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Yesterday, we looked at the week that was. Today, we preview the coming week.

It's a relatively light week for economic data, and things will be pretty quiet until Wednesday, when we get mortgage purchase applications and existing-home sales. Expectations are modest for each.  On Thursday, we will see durable goods orders and new-home sales; both are expected to be soft.

Last week saw a surprisingly large rise in weekly jobless claims. We'll be watching this data release Thursday morning to see if last week's jump was an aberration or something worthy of more concern. Friday will bring the University of Michigan's Consumer Sentiment Index.

An avalanche of earnings reports is coming this week, including half a dozen Dow industrials components.

On Monday, Apple ( AAPL) kicks us off; expectations are high for the company's iPods and Macs. Texas Instruments ( TXN) also reports Monday, along with drugmakers Merck ( MRK) and Schering-Plough ( SGP). Bristol-Myers Squibb ( BMY) reports later in the week. Amazon.com ( AMZN) is out on Tuesday. Merrill Lynch ( MER) reports Wednesday, and Microsoft ( MSFT) is on Thursday's roster.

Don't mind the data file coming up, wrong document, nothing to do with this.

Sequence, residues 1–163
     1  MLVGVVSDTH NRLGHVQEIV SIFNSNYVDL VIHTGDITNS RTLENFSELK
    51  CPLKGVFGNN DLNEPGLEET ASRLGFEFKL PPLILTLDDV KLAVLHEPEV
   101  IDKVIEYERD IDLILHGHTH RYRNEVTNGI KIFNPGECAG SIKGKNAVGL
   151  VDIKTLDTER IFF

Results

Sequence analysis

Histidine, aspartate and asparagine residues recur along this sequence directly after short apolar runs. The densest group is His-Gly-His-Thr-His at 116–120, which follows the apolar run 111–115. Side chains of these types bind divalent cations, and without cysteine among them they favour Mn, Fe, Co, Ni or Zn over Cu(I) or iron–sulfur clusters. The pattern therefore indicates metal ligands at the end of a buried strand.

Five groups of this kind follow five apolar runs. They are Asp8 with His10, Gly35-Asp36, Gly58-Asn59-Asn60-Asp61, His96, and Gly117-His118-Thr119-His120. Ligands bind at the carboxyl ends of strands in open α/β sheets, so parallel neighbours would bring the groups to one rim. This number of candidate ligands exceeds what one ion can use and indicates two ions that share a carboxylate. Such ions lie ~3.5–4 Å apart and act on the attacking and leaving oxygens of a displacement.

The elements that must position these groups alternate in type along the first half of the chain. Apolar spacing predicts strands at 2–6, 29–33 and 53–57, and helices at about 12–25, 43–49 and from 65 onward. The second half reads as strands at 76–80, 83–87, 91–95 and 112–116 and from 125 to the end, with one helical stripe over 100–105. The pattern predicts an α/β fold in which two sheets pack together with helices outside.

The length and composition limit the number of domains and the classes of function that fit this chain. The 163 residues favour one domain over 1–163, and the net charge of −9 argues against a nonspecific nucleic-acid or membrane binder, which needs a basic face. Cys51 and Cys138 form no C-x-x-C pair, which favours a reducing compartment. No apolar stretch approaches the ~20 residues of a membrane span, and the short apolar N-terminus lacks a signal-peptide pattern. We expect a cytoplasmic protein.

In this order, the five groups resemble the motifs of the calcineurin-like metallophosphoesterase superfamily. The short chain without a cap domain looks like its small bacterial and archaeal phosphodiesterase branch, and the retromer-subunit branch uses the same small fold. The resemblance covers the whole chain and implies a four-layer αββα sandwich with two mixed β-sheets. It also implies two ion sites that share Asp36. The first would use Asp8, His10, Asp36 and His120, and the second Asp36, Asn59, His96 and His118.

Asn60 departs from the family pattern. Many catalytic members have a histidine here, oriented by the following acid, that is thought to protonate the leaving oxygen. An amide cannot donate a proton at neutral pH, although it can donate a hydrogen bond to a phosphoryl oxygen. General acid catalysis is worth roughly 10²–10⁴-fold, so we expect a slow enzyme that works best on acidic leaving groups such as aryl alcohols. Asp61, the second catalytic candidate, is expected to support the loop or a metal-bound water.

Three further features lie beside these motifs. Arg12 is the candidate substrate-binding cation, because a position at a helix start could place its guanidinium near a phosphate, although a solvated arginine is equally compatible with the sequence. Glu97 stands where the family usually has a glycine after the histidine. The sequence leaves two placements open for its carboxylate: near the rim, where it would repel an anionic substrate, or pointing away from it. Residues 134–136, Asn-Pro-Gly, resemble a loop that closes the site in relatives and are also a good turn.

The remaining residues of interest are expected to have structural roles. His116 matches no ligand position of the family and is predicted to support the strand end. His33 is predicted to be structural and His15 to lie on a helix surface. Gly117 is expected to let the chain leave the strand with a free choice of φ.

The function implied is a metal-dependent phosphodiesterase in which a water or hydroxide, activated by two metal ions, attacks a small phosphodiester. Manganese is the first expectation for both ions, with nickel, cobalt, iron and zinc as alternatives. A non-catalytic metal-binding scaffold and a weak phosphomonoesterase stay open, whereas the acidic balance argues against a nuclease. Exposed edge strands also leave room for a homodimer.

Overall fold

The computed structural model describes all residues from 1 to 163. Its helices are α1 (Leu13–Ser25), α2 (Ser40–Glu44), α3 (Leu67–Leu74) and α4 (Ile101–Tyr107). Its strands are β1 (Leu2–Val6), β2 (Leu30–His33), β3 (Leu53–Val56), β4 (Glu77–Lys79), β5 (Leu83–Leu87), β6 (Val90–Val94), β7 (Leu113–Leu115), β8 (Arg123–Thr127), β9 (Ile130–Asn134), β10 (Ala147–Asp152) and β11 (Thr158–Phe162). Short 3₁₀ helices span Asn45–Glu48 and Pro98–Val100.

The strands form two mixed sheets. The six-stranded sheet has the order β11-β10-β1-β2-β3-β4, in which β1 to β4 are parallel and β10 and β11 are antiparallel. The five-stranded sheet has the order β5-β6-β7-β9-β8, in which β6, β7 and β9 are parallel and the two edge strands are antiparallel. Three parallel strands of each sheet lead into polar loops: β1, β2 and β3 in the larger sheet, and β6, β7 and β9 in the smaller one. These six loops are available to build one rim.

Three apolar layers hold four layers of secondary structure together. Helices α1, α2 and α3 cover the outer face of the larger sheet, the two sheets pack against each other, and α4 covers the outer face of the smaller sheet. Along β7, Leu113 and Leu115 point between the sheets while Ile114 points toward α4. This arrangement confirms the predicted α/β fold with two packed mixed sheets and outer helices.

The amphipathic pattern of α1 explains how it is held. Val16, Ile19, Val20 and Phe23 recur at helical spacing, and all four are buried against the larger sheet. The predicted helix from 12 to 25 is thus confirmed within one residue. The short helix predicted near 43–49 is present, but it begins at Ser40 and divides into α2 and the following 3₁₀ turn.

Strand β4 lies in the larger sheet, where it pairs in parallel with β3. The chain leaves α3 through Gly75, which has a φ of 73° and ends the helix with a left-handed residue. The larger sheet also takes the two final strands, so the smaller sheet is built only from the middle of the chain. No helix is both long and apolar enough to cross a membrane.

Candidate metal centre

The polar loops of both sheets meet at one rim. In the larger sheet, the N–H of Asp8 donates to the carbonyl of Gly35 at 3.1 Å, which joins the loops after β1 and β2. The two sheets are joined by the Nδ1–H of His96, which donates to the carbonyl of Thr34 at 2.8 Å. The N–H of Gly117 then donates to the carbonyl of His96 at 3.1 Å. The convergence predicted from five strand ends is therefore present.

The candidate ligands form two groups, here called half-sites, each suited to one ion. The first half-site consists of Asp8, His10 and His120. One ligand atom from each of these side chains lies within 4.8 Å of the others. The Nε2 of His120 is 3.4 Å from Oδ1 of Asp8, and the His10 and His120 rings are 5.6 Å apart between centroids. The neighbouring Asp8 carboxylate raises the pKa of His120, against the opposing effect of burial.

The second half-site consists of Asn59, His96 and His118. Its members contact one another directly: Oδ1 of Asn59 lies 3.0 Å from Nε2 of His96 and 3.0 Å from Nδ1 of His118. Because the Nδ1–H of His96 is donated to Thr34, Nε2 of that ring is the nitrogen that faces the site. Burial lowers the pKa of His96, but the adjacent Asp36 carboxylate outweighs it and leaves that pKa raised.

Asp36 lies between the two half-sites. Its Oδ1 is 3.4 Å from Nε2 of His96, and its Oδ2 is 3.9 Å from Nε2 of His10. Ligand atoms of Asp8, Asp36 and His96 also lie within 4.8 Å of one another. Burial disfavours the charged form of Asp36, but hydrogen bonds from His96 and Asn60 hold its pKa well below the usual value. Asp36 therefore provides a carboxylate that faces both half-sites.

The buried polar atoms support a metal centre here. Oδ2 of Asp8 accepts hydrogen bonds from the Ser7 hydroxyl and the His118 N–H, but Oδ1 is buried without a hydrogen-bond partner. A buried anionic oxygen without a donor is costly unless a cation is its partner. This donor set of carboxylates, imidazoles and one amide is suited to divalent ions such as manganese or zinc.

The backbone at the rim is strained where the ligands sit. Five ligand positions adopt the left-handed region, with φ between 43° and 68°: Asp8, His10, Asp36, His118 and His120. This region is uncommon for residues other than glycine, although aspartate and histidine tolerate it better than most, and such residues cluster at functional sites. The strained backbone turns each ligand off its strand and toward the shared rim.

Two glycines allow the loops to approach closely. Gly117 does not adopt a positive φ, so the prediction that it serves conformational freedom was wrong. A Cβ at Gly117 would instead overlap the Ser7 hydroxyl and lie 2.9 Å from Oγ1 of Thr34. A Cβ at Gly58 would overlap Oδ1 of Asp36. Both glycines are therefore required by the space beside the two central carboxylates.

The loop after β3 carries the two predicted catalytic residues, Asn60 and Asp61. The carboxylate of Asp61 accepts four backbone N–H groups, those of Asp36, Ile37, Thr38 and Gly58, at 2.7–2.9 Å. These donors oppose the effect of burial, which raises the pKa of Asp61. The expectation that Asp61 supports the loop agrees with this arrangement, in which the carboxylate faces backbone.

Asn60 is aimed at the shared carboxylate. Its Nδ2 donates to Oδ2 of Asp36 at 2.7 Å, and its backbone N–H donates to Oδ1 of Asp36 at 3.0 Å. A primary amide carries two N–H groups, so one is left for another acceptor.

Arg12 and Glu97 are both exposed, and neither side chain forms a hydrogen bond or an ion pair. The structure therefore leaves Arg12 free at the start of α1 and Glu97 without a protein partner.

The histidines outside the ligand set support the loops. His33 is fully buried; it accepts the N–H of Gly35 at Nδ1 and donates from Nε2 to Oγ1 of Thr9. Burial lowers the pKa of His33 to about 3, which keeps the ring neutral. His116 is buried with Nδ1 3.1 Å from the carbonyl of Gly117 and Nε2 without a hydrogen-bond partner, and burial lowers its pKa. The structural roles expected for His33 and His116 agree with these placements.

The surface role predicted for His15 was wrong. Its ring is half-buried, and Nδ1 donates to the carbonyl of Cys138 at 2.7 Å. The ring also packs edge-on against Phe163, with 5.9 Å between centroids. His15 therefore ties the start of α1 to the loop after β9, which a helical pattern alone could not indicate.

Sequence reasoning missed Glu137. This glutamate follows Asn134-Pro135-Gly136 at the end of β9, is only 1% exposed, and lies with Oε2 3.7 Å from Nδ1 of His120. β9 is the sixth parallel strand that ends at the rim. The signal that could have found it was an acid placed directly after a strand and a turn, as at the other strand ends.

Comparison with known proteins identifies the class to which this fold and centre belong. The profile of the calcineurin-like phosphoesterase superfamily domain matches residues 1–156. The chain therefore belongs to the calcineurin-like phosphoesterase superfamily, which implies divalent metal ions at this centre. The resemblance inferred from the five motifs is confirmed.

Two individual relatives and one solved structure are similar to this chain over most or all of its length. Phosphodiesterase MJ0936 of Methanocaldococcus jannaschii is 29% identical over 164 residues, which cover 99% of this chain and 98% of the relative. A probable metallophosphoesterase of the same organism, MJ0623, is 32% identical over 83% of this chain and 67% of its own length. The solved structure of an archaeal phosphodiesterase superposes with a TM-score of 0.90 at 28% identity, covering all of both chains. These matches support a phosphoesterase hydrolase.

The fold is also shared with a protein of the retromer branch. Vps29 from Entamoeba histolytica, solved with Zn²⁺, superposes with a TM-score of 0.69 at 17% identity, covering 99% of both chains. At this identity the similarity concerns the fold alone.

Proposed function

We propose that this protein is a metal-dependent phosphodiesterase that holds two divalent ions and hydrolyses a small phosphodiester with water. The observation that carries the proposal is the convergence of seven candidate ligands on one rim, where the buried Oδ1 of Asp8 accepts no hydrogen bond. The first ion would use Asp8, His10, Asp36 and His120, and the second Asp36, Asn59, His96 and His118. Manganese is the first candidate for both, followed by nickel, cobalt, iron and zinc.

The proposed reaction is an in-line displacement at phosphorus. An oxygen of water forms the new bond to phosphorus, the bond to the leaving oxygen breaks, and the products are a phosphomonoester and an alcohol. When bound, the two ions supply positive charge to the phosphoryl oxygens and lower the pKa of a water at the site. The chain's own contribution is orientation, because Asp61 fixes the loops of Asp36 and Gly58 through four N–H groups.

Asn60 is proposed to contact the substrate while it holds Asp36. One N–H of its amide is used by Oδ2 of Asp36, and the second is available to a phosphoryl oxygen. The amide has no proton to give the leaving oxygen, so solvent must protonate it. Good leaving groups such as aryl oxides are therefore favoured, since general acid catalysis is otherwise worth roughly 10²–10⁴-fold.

We'll hear from quite a few housing firms. On Tuesday, Centex ( CTX) reports, followed Wednesday by Pulte Homes ( PHM) and Ryland ( RYL). Countrywide Financial ( CFC) is expected to report a big loss Friday. Its CEO, Angelo Mozilo, is under increased scrutiny for his sales of company stock.

Lots of aerospace and defense names report this week: Lockheed Martin ( LMT), Boeing ( BA), General Dynamics ( GD), Northrop Grumman ( NOC), Raytheon ( RTN) and L-3 Communications ( LLL).

A few transports also release earnings. The world's largest package carrier, UPS ( UPS), reports Tuesday, along with Burlington Northern Santa Fe ( BNI),  UAL ( UAUA) and JetBlue Airways ( JBLU). Norfolk Southern ( NSC) reports Wednesday. US Airways ( LCC) is due out Thursday.

Boeing, Merck and Microsoft are components of the Dow industrials. Others reporting this week include American Express ( AXP), AT&T ( T) and DuPont ( DD).